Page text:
Dreams of Becoming a Digital Nomad

Hey guys! I know it’s been a while, but I’ve been focusing most of my time on the food blog I share with Matt (which can be found here) as well as our Instagram page (which can be found on our blog page). I wanted to come back to my personal blog, though, to write about what’s been on my mind lately.

Recently, I started binge-watching The Amazing Race from season one and it has seriously reignited my desire to start traveling again. I’ve been scouring the internet to see how some people have made their dreams of living abroad and traveling long-term a reality. Some blogs I’ve found truly inspiring are The Intrepid Introvert and Nomadic Matt, as well as Eat Your Kimchi (who I have loved since before I lived in Korea.)

Then, I started thinking of things that I could do to make income while living abroad. Of course, the first thing that came to my mind was teaching English since I have experience and I have passion for it. So, I started researching some purely online options to teach. After making a post on Facebook and talking to a couple I knew in Korea, I think I am going to try and apply with VIPKID. The hours are flexible, they provide all the teaching materials, and they offer a great base rate of $14/hr.

Ideally, I’d love to travel while teaching to support myself. There are so many places I want to see and things I want to do. Sometimes I feel stupid being 26 years old and not having a stable 9-5, but I don’t think that is something that is ever going to make me happy.

Does anyone else teach English online through a platform like VIPKID? Please tell me about your experiences!

Or, if you are traveling abroad and working remotely doing something else, tell me about that too!

Pizza in Korea: As Assessed by a Jersey Girl

As someone who was born and raised in New Jersey, I like to consider myself a pizza connoisseur.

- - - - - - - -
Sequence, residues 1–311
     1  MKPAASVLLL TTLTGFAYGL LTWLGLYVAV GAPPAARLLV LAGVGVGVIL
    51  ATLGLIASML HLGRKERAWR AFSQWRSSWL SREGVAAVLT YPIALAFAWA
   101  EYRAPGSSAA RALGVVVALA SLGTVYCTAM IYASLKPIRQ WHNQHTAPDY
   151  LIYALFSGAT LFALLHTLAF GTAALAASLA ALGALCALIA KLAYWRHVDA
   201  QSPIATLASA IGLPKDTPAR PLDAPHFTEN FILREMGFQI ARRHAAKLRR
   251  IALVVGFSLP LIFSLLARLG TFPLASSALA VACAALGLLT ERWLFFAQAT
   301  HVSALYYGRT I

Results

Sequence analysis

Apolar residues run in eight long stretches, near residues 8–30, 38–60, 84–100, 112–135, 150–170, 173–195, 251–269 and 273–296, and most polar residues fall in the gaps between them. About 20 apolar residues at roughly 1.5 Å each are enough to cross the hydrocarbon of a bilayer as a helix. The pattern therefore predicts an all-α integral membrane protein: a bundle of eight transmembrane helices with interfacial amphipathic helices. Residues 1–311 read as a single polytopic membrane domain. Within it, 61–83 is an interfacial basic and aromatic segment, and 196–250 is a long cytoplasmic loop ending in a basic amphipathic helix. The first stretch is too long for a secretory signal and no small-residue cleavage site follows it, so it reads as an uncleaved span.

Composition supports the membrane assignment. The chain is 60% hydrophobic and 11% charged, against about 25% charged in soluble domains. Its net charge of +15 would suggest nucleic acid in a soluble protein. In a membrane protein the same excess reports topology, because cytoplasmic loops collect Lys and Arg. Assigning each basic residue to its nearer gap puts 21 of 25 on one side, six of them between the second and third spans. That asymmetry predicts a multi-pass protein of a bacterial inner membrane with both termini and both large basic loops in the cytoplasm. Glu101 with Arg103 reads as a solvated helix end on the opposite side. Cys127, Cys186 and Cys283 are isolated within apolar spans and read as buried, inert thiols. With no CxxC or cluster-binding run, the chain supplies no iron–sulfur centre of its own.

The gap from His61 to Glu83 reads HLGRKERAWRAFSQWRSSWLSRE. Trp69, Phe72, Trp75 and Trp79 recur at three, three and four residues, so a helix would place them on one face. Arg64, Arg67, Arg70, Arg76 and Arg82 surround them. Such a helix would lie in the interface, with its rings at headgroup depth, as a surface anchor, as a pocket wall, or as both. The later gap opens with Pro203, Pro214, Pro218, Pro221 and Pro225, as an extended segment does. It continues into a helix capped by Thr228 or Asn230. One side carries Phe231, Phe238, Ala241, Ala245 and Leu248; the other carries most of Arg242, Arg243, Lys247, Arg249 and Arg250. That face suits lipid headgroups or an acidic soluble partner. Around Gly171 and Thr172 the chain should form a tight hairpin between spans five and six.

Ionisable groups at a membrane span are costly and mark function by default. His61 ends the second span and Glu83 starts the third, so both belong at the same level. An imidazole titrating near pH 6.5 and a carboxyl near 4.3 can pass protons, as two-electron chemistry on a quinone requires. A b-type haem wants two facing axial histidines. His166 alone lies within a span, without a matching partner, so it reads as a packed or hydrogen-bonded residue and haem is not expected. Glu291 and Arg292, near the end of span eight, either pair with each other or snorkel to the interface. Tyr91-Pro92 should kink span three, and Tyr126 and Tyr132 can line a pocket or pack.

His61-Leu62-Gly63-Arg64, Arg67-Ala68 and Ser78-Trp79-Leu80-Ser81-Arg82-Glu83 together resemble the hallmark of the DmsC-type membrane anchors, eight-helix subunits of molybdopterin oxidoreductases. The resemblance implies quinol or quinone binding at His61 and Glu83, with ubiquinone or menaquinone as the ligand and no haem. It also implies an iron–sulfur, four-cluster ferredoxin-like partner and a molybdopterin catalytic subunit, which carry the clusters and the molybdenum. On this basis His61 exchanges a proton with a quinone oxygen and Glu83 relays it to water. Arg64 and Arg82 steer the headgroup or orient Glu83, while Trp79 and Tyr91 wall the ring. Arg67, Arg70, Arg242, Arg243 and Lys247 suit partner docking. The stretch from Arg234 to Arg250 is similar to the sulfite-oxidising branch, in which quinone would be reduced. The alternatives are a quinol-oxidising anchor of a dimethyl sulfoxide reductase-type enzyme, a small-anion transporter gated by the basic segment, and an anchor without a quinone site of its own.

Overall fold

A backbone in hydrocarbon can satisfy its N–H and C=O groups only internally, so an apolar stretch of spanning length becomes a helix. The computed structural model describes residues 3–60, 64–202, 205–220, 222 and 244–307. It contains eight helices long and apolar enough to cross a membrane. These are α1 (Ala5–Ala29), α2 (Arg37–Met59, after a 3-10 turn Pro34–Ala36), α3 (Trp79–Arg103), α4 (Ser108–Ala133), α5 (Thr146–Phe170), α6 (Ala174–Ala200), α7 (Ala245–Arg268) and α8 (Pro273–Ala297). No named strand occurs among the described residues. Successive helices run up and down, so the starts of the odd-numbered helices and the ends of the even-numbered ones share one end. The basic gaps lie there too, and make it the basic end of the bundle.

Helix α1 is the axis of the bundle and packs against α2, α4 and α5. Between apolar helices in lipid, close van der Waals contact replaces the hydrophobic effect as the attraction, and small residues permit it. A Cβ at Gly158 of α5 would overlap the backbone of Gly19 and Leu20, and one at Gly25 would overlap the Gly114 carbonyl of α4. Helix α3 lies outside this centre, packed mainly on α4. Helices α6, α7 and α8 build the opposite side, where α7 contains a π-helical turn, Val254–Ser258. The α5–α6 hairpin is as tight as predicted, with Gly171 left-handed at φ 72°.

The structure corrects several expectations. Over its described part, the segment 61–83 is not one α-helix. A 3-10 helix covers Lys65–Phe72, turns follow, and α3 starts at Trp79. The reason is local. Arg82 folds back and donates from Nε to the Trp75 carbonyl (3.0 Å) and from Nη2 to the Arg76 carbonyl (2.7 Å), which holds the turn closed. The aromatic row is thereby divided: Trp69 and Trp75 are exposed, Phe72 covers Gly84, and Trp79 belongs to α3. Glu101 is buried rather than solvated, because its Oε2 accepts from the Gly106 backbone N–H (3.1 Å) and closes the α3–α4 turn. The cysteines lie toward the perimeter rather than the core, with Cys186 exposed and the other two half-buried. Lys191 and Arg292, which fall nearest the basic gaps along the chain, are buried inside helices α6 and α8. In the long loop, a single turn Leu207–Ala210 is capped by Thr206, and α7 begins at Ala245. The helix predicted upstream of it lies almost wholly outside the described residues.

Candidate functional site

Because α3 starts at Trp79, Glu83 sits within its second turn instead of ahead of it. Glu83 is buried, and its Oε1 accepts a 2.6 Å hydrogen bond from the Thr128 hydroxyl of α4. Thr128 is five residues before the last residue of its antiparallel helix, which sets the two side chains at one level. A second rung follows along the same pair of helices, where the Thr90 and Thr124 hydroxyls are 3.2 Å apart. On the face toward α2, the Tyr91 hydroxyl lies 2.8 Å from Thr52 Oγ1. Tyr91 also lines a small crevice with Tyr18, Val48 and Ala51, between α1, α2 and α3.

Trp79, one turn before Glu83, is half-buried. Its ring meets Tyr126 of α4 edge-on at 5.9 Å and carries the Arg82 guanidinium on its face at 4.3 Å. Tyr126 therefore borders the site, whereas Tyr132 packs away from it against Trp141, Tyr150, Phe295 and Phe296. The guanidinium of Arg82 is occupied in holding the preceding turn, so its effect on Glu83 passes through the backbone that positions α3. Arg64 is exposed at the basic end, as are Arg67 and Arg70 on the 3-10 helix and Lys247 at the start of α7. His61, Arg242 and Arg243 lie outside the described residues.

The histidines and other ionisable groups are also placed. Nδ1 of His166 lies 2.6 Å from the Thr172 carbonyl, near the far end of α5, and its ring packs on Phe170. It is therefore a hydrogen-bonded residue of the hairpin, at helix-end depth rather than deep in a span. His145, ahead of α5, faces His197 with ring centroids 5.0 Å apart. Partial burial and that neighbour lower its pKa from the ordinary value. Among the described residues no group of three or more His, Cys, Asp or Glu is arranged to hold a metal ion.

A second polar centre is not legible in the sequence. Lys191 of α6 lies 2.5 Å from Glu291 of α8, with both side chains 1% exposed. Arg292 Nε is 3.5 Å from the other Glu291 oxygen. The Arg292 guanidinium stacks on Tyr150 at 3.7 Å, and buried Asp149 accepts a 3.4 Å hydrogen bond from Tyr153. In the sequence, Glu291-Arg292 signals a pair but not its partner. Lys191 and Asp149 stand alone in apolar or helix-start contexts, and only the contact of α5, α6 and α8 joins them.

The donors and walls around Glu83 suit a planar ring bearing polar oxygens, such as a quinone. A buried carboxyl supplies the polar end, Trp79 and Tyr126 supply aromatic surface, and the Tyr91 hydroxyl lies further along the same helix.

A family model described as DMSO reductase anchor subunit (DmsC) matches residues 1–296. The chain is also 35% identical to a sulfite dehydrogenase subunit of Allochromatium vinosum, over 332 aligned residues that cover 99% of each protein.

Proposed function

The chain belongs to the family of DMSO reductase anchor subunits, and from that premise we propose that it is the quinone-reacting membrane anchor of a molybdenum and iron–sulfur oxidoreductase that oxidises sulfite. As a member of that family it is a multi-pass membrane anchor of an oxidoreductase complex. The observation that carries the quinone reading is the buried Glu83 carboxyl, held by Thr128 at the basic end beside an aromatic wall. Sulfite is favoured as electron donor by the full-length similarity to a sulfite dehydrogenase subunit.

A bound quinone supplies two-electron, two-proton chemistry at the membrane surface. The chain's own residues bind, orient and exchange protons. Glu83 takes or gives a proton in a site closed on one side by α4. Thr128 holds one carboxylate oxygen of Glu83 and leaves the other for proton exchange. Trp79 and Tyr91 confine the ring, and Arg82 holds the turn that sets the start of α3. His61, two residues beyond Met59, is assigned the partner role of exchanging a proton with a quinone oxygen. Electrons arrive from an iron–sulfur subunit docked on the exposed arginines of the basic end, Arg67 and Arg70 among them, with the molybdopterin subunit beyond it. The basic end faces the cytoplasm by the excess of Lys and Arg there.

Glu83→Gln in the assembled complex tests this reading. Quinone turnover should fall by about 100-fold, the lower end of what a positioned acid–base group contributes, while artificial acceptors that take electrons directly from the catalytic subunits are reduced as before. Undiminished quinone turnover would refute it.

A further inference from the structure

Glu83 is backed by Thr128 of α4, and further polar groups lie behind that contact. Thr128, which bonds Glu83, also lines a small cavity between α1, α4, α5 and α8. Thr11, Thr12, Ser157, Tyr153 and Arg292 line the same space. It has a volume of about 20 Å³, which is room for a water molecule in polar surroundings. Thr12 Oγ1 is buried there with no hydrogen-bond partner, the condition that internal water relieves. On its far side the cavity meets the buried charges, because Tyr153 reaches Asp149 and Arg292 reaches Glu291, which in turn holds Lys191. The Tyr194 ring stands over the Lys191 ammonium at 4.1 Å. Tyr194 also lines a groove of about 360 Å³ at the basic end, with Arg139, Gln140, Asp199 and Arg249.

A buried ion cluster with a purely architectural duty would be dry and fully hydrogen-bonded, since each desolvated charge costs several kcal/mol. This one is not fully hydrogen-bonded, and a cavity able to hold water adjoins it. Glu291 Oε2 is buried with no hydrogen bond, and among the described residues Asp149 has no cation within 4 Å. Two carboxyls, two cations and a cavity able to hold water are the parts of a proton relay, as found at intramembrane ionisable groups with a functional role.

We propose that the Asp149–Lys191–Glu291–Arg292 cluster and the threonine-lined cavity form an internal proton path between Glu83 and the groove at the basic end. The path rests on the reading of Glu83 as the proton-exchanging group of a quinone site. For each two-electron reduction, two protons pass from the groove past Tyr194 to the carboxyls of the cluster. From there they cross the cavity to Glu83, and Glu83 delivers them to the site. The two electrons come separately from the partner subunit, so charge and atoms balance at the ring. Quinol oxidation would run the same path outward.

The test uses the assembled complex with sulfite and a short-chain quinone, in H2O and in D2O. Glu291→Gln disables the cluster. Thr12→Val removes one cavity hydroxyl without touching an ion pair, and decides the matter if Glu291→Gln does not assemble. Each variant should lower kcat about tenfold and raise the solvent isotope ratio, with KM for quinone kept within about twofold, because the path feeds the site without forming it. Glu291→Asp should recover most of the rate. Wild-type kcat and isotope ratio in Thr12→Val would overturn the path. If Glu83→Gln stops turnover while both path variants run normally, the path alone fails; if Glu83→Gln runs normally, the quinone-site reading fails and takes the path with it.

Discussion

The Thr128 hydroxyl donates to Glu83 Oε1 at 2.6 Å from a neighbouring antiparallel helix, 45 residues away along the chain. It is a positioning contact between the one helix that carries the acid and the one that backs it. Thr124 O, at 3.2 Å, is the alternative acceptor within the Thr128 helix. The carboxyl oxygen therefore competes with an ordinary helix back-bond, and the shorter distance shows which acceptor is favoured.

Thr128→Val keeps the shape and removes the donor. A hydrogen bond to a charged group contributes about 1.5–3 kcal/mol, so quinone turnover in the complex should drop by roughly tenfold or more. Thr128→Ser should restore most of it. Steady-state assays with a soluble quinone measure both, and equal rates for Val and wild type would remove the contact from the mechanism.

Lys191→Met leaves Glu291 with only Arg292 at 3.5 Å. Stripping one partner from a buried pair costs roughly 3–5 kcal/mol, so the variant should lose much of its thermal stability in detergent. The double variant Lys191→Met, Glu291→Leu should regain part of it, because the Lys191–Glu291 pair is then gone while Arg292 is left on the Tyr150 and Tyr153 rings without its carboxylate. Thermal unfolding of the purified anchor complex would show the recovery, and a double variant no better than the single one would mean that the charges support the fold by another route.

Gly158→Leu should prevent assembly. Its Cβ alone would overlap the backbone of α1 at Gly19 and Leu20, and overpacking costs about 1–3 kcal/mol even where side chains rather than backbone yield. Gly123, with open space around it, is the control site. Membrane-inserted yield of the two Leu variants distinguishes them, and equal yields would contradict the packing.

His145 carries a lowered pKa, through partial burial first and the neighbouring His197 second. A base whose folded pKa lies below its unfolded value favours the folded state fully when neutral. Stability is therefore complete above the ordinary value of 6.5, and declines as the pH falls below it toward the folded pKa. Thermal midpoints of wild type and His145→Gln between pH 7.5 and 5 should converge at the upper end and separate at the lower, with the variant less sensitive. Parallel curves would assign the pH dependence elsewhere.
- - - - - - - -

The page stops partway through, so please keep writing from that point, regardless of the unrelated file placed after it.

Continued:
Now, pizza comes in all shapes and sizes, but a good slice should be roughly the size of a small child. It should be eaten with your hands, folded in half, not with a knife and fork. It should also be covered in mozzarella, so that every time you take a bite there seems to be a string of cheese hanging from your mouth getting longer and longer until you have no other choice but to rip it apart with your fingers.

Now, I haven’t heard the best things about Korean pizza. Especially after watching this video from EatYourKimchi, my favorite Korean vloggers.

Despite what I’ve heard, though, I had a hankering. I needed some pizza.

On the way home from work, I stopped in at Haneul Bori. Their menu was extensive, and I eventually decided on a medium Hawaiian pie. (Sorry if some of you find this blasphemous, but I genuinely enjoy pineapples on my pizza. So there.) It was only 4,800 won ($4.00).

I watched the pizza guy make my pizza and put it in the oven. When it was ready, he put it in an adorable little box, threw in some hot sauce (yuck) and a packet of parmesan cheese, and tied it up with a ribbon. I walked back to my apartment with my perfect pizza parcel.

My Korean pizza!

My Korean pizza!

After furiously cutting off the ribbon with my manicure scissors, I was ready to feast. The medium was six baby slices, slightly bigger than an average bar pie. The crust was thin and kind of doughy and the sauce was a bit too sweet for my liking. However, the cheese was cheesy and I liked being able to sprinkle my own little packet of parm on top. My pineapples were delicious and overall, it was satisfying.

Nowhere near comparable to New Jersey pizza, but it wasn’t as horrendous as I had originally anticipated!